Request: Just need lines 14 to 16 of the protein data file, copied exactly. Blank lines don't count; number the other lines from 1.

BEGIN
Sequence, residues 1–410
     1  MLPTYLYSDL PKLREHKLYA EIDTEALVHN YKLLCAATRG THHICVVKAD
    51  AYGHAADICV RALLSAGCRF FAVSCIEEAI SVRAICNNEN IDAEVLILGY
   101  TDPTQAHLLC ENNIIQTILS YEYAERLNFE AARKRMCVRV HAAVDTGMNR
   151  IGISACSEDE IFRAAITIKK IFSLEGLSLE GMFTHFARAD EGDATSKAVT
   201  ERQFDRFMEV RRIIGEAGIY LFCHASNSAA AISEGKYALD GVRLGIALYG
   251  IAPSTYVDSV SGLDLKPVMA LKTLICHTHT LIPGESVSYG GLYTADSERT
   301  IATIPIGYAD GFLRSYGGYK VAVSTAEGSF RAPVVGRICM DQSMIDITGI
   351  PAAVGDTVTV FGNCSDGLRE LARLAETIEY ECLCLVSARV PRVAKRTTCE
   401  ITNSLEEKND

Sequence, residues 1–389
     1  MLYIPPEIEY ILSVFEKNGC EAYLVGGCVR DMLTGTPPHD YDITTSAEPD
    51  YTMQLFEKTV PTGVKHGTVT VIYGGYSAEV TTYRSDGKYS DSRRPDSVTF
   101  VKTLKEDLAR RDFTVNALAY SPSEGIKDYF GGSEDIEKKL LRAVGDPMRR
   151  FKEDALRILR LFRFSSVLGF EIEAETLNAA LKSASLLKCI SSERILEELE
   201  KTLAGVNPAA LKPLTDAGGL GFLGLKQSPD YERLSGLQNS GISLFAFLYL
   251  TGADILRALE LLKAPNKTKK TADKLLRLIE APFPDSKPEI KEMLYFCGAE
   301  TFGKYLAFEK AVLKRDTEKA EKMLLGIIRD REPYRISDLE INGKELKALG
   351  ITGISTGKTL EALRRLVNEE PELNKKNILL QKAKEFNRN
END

   101  VKTLKEDLAR RDFTVNALAY SPSEGIKDYF GGSEDIEKKL LRAVGDPMRR
   151  FKEDALRILR LFRFSSVLGF EIEAETLNAA LKSASLLKCI SSERILEELE
   201  KTLAGVNPAA LKPLTDAGGL GFLGLKQSPD YERLSGLQNS GISLFAFLYL